n Mousaion - The effects of climate change in preserving the past and enhancing the future of legal deposit in South Africa




With the current problems of global warming and climate change, preservationists are applying green construction principles to depositories and archival facilities (Henry 2008:3; Kim 2008; Nsibirwa 2012:73). Collections stewards, architects and engineers face design challenges to reduce greenhouse gas emissions and develop an adaptive response to climate trends (Henry 2008:3). A 2012 study by Nsibirwa (2012) of the preservation of, and access to, legal deposit materials found that climate change can affect the buildings that are the most important source of security to the materials stored in them.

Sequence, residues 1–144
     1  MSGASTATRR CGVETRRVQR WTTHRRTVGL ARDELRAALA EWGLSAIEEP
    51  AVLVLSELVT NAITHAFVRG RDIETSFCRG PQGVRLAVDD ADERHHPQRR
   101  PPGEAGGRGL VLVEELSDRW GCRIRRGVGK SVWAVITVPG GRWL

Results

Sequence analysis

One of the objectives of the doctoral study on which the article is based, was to find out what activities and strategies are used to preserve the materials, as well as to provide a way forward in the preservation of South Africa's cultural heritage. The units of analysis in this study were four legal deposit libraries and three official publications depositories. In this study the population comprised a total of 17 members of staff: three heads of libraries and 14 librarians. The survey of legal depositories found that preservation activities are generally underdeveloped as a result of various factors, including insufficient funding. Yet, there is a greater need than ever for preservation, since predictions are that temperatures, rising seas, rainfall and flooding will continue to increase due to climate change and global warming. These conditions will lead to a shift in approaches to preservation, including looking at what poses the greatest threat when it comes to climate change. The study found that depositories may need to revert to some ancient as well as new sustainable approaches to offset the effects of climate change. The article puts forward a number of practical solutions to ensure that the environment in which materials are kept, is suitable.


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